At a time when Egyptians believed they were still reaping the rewards of their glorious uprising, only a few swam against the current and dared to say the unspoken truth. Those few came together under the No Military Trials (NMT) banner to create a fast-growing human rights movement which quickly succeeded in imposing an unprecedented amount of pressure.
In a sunny cafe in Korba I met Salma Abdelgelil and Mohammad Fouda, two of the movement’s active members. Despite the group’s impressive achievements, the lack of an official headquarters is indicative of the group’s limited resources.
“When we started off in early 2011, right after the March 9 attacks on Tahrir Square protesters, our number was much bigger than it is right now,” Abdelgelil said, explaining the structure of this powerful movement. “There are no pre-set rules as to who could join us or how long they could stay.” It is this flexibility that allows the movement to do so much work with such a limited workforce that is also constrained by other responsibilities such as work and studies.
“We’re a very dynamic movement. It’s not the number which counts. It’s the level of dedication the members have to the cause” Abdelgelil added.
Despite having15 to 20 “core” members the group has no official headquarters, so they find alternative settings for meetings and press conferences.
“Most of our events are hosted by the Hesham Mubarak Law Centre, the Mossereen movement, and the Press Syndicate.” Abdelgelil clarified.
The movement doesn’t have a regular or reliable source of funding either. Financial support comes from members themselves or public donations.
“You could say we are allergic to monetary dealings,” Abdelgelil said wryly, citing accusations against NGOs of receiving illegal foreign funding. “We try to rely on citizen donations as infrequently as possible.”
Nevertheless, at times NMT is forced to ask for help, although donations in the form of materials or time are preferred.
Being barred from official detention records prevents NMT from collating accurate numbers of those who face trial or have been detained.
“The biggest problem we have faced since day one is with the military judiciary’s lack of transparency.” Abdelgelil said. “They have even been known to hide detainees in their cars and tell lawyers that they are elsewhere.”
Actions such as this forced NMT lawyers to make a rough estimate of those facing military trials. In September 2011, when the movement’s lawyers were making almost daily trips to military courts, they guesstimated that SCAF had around 12,000 detainees.
This astounding figure made headline news, as the number of those who faced military trials during the whole 30 year long Mubarak era was much smaller.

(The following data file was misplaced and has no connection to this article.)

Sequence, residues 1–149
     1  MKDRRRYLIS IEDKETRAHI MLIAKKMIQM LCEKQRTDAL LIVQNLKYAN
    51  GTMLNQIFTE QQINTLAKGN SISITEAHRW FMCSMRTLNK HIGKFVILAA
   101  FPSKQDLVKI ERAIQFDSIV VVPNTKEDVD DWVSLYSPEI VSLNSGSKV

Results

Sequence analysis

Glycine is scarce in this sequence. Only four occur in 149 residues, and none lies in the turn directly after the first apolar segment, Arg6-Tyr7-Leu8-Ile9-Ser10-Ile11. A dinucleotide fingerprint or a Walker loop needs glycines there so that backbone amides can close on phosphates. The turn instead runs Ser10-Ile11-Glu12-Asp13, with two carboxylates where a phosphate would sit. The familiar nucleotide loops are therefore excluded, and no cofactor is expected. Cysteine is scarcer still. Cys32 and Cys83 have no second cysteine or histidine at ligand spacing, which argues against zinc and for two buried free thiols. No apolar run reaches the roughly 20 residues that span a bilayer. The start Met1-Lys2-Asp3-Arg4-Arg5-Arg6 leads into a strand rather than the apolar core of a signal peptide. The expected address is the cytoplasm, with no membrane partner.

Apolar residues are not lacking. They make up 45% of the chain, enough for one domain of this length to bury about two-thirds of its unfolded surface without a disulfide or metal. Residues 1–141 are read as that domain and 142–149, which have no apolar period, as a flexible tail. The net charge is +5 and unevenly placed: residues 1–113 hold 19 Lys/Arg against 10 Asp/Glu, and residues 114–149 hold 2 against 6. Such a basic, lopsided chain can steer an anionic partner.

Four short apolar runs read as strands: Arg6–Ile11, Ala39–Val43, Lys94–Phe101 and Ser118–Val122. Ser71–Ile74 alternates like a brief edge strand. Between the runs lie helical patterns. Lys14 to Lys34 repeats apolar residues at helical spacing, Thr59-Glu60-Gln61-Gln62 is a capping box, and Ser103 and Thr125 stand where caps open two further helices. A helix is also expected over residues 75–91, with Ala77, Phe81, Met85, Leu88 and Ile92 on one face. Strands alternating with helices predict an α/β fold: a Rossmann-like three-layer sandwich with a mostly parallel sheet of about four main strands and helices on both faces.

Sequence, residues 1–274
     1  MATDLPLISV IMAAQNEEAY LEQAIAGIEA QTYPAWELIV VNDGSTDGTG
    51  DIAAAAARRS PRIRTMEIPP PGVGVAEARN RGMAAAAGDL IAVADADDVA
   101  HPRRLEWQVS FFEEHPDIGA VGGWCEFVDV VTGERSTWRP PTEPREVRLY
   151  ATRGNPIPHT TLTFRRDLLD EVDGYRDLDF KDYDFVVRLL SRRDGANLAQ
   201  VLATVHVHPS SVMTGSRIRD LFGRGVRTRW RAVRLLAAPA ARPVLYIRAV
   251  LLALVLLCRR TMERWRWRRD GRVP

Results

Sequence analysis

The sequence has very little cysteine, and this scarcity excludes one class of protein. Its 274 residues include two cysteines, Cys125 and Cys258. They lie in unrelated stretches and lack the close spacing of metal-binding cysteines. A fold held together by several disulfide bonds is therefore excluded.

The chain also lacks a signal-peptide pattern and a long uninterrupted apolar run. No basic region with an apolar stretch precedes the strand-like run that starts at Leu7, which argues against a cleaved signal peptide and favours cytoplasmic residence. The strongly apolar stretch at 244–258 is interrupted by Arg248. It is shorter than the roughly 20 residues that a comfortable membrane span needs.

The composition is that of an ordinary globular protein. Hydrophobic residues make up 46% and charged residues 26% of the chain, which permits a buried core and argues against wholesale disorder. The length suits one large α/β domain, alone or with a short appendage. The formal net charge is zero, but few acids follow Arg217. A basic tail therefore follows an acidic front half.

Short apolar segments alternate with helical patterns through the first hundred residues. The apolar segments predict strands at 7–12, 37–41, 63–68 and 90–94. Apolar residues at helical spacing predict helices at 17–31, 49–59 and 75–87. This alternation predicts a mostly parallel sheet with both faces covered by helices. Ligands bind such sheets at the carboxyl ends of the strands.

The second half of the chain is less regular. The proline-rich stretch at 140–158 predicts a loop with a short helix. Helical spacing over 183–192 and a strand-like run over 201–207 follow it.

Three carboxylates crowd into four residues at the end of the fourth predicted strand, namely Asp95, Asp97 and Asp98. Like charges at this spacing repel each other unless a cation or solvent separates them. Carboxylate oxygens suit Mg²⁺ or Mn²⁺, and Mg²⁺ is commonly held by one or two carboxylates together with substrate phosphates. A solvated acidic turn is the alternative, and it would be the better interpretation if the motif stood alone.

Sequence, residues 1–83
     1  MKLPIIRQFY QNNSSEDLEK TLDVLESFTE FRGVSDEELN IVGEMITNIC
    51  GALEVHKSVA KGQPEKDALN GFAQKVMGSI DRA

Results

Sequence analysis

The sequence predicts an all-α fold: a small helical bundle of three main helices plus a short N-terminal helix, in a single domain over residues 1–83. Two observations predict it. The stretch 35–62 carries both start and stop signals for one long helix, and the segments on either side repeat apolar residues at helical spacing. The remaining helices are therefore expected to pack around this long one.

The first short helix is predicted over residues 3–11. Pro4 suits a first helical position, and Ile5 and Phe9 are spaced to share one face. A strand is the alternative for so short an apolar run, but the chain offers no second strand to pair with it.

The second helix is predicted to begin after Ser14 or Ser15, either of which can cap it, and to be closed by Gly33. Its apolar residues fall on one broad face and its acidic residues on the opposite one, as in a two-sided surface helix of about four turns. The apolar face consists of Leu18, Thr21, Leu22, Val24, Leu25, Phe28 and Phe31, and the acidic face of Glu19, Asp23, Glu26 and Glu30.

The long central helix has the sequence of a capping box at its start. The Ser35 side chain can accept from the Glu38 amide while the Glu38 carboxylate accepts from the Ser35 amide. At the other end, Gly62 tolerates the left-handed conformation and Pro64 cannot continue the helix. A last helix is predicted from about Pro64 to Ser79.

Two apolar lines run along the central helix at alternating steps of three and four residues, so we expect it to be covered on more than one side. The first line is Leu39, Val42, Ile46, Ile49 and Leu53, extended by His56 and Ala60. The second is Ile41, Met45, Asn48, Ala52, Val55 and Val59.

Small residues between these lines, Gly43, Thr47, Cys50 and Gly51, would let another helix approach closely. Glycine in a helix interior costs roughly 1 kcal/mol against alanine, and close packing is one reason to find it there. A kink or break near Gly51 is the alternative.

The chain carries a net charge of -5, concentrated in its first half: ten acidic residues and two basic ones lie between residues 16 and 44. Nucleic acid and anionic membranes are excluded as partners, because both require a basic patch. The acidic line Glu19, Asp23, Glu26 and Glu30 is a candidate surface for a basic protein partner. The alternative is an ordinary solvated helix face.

The guesstimate pushed the military judiciary to finally release its own statistics. For the first time since the January uprising, General Adel Al-Morsi, ex-head of the military judiciary authority, held a press conference on 5 September, 2011, where it was stated that 11,879 have faced military trials since January 2011. Al-Morsi, nevertheless, added that most of them are no longer in prison. There is no clear pattern for the arrests of military detainees.
“If you want a timeline of arrests,” Abdelgalil said, “check the timeline for protests throughout 2011. Almost with every single big protest, there were arrests. The numbers of those arrested was pretty random; however, you can say that the biggest group arrests occurred during the Mohamed Mahmoud protests in November 2011 and the Al-Abbasiya protests in May 2012.”
However when President Mohamed Morsy convened a committee to review cases of civilians tried by military courts, NMT points out that the committee neglected to even check the accuracy of the figures it had released.
“Our reservations on this committee are numerous,” Fouda said and listed them patiently. “To begin with, we do not even see the reason for the committee’s establishment. Moreover, the formation of the committee is quite unique.”
The committee’s members include: the deputy public prosecutor; the attorney general for Supreme State Security Prosecution; the Minister of the Interior’s Deputy for General Security; the Minister of the Interior’s Deputy for the Prisons Service Sector; and the Military Judiciary Director’s Deputy, as well as four representatives of civil society; Seif Al-Islam Hammad, Mohamed Aly Zara’, Aly Kamal Mustafa and Islam Lotfy Aly.